The Fish Market in Panama City is one of the most popular places for tourists to visit in the city. It is located on the edge of Casco Viejo in an area called Terraplen right in front of the new San Felipe Neri Produce Market. Those who are staying in a hotel in Casco Viejo should walk to Panama City’s Fish Market. This area is quite safe as there are many policemen and people biking and walking since it connects with the city’s coastal belt.
Otherwise it is best to take a taxi or an Uber since parking is quite difficult in this area. There are a few spots but not enough for all the people who visit. This is especially noticeable during Lent and Easter Week where hundreds of Panamanians visit the market to buy fresh fish. During this time the policemen are more lenient as long as the shoppers are quick.
The Fish Market in Panama City was Built by Japan
The location of Panama City’s Fish Market is not a random one. This spot has been used by fishermen for quite some time to bring in their fish into the capital city of Panama. In the 80s during the dictatorship times, buyers would wake up quite early to find fresh fish and seafood in this place as the fishermen brought in their catches.
There was concern because back then the bay was contaminated. For several years there has been a project to clean the bay. And there was also a fish flour processing plant in Taboguilla, which brought unbearable smells to the city. I used to live in Paitilla with my parents in the 80s and still have memories of this wretched smell. But this wouldn’t stop people from getting their fish.
As the city started growing there was a necessity of establishing a real Fish Market in Panama City where these fishermen could process and sell their sea products. This started in 1989 as Panama was transitioning from being a dictatorship to democracy.
Panama needed help from abroad. And it will come as no surprise that the Fish Market in Panama City was built by the Japanese. They are fanatics of fish and seafood. Those who go to Pedasi and Playa Venao can find a laboratory in Achotines which studies yellowfin tuna. Japan International Cooperation Agency (JICA) made this fish market a reality with an investment of 7.9 million dollars. Strict Japanese supervision was held during the construction. The Fish Market in Panama City was inaugurated on Valentines, the 14 of February of 1995.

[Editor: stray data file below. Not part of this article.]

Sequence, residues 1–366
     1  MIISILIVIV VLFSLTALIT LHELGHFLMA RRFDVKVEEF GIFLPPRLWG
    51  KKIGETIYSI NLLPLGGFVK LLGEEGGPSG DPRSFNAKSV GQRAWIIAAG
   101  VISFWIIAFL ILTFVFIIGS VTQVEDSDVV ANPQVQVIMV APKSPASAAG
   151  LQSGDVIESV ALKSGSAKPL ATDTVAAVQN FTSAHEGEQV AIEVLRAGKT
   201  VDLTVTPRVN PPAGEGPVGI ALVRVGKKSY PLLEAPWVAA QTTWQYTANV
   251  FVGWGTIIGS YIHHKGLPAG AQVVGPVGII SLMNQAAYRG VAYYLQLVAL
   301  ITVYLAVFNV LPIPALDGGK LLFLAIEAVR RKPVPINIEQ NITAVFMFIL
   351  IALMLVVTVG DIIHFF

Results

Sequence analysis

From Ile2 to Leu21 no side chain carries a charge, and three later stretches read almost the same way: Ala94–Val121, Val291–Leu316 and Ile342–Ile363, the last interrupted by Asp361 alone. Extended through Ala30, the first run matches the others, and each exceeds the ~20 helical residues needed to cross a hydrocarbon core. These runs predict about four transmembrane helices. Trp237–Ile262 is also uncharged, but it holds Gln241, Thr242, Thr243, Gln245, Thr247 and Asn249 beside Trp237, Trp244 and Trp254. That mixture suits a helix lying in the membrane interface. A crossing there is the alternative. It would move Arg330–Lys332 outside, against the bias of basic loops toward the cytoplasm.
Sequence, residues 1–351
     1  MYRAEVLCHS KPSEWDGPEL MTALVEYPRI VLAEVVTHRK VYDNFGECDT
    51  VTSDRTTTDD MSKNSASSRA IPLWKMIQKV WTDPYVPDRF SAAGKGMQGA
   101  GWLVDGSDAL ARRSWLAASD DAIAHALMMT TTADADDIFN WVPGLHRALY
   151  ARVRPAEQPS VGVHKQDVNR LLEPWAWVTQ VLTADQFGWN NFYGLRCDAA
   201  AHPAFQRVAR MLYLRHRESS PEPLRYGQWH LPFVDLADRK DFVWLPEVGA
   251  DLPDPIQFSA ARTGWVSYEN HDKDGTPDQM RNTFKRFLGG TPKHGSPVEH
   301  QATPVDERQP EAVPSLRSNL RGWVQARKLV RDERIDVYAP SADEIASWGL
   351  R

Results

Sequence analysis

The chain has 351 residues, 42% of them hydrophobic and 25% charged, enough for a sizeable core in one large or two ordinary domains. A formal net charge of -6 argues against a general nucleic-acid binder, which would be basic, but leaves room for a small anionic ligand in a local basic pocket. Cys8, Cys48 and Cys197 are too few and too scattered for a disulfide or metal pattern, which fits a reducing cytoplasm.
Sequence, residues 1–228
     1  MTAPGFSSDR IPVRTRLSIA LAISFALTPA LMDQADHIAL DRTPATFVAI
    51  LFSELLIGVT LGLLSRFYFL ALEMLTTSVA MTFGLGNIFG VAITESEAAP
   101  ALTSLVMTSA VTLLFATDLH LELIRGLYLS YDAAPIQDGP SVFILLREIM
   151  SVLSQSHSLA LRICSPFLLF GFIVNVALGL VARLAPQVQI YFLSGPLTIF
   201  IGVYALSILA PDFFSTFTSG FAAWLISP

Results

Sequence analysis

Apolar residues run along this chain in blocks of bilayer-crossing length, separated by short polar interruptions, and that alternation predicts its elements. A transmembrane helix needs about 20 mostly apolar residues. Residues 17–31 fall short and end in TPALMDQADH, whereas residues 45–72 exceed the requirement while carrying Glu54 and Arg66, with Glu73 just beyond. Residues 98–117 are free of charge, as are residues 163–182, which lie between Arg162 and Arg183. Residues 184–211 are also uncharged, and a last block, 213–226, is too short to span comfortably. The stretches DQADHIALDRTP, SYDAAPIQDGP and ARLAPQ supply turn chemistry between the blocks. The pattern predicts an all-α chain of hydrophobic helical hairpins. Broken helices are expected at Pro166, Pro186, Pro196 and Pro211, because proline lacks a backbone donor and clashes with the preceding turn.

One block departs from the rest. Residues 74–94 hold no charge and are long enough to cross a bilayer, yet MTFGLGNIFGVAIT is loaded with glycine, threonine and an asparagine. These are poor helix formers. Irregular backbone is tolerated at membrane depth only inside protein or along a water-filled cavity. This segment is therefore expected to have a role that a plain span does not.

In 2010 when the Cinta Costera or Avenida Balboa was expanded, there was the need to remodel the Fish Market in Panama City and build new parking spaces. The actual municipality of Mayor Fabrega wanted to expand and renew the market, but his approval rating is too low to be able to justify any project without criticism from the general public. However, it would be quite beneficial to improve the traffic flow along the area which can get congested.
Buy or Eat Seafood
Panama is mostly coast along the narrow isthmus. As a country we are very blessed to have amazing seafood and fish. The Fish Market in Panama City has two sides. The left side is where clients can purchase fresh catches. This part of the market opens quite early, around 5 a.m. every day. Those going at that hour will see fishermen coming in with their overnight catches. It closes in the afternoon at 5 p.m. but there will be very little left for those who go that late! Every third Monday of the month the Fish Market in Panama City closes for deep cleaning.
As you enter there will be a very pungent fish smell that overpowers your senses, bear with it as you will get used to it. The market has good refrigeration systems. Fish and seafood are placed on ice or in refrigerated counters. Expect to find corvina or sea bass (local favorite white fish), red snapper, amberjack, wahoo, rooster fish, maki maki, conch, squid, lobster, crab, blue marlin, shrimp, prawns, octopus and so much more! Bring cash to buy since most places in the Fish Market in Panama City do not accept credit cards. Some businesses accept Yappy transfers. You can ask the people at the stands to clean the fish if you do not want to go through the trouble.
Most tourists are probably not looking to buy fresh fish or seafood unless they are staying in a vacation rental in Panama City and can cook their meals.
Try the ceviche which is a local favorite. Options include corvina, shrimp, octopus, lobster, conch, and mixed. This is cooked in lemon juice with onions and eaten with saltine crackers or patacones which are fried plantains. Ceviches are served in disposable cups with prices starting as little as $1. Most restaurants on the ground floor serve similar options and there are a few nearby like La Bendicion. Some restaurants have pushers that can be a bit annoying trying to get tourists and locals to come sit at their stand area.
Restaurants serve more than ceviche. One of the local favorites is fried red snapper. Visit after 4 p.m. to eat since the crowds buying fish have already left and the afternoon is starting to cool down as the sun starts to set. Restaurants in the Fish Market in Panama City start booming with music such as salsa, merengue and reggaeton and the environment gets energized. There are fancier restaurants on the second floor of the market.
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